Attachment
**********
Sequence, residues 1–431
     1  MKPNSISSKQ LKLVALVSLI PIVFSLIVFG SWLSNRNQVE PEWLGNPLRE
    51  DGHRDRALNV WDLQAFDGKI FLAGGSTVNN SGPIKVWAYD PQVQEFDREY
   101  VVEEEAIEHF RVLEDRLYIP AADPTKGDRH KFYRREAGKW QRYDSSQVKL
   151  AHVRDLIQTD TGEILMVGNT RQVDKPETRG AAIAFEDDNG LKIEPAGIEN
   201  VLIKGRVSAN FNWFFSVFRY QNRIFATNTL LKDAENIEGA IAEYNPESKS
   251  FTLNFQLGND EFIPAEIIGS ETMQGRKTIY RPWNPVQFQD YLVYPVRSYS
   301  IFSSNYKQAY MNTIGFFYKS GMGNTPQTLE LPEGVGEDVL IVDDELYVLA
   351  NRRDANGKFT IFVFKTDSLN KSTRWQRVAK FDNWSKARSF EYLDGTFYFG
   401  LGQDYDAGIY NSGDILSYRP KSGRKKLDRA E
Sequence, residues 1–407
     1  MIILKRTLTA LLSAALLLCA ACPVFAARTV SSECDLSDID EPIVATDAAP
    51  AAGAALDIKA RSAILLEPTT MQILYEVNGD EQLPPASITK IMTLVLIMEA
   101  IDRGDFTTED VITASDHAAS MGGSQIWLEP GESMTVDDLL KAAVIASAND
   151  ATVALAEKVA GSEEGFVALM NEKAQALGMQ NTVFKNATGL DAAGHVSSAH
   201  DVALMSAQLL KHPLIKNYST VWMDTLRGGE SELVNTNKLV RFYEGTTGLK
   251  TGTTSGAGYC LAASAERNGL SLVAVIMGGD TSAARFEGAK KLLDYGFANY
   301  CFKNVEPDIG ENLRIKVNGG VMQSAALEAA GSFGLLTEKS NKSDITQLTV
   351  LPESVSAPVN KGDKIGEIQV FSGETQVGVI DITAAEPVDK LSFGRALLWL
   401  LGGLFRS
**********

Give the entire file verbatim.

Sequence, residues 1–431
     1  MKPNSISSKQ LKLVALVSLI PIVFSLIVFG SWLSNRNQVE PEWLGNPLRE
    51  DGHRDRALNV WDLQAFDGKI FLAGGSTVNN SGPIKVWAYD PQVQEFDREY
   101  VVEEEAIEHF RVLEDRLYIP AADPTKGDRH KFYRREAGKW QRYDSSQVKL
   151  AHVRDLIQTD TGEILMVGNT RQVDKPETRG AAIAFEDDNG LKIEPAGIEN
   201  VLIKGRVSAN FNWFFSVFRY QNRIFATNTL LKDAENIEGA IAEYNPESKS
   251  FTLNFQLGND EFIPAEIIGS ETMQGRKTIY RPWNPVQFQD YLVYPVRSYS
   301  IFSSNYKQAY MNTIGFFYKS GMGNTPQTLE LPEGVGEDVL IVDDELYVLA
   351  NRRDANGKFT IFVFKTDSLN KSTRWQRVAK FDNWSKARSF EYLDGTFYFG
   401  LGQDYDAGIY NSGDILSYRP KSGRKKLDRA E
Sequence, residues 1–407
     1  MIILKRTLTA LLSAALLLCA ACPVFAARTV SSECDLSDID EPIVATDAAP
    51  AAGAALDIKA RSAILLEPTT MQILYEVNGD EQLPPASITK IMTLVLIMEA
   101  IDRGDFTTED VITASDHAAS MGGSQIWLEP GESMTVDDLL KAAVIASAND
   151  ATVALAEKVA GSEEGFVALM NEKAQALGMQ NTVFKNATGL DAAGHVSSAH
   201  DVALMSAQLL KHPLIKNYST VWMDTLRGGE SELVNTNKLV RFYEGTTGLK
   251  TGTTSGAGYC LAASAERNGL SLVAVIMGGD TSAARFEGAK KLLDYGFANY
   301  CFKNVEPDIG ENLRIKVNGG VMQSAALEAA GSFGLLTEKS NKSDITQLTV
   351  LPESVSAPVN KGDKIGEIQV FSGETQVGVI DITAAEPVDK LSFGRALLWL
   401  LGGLFRS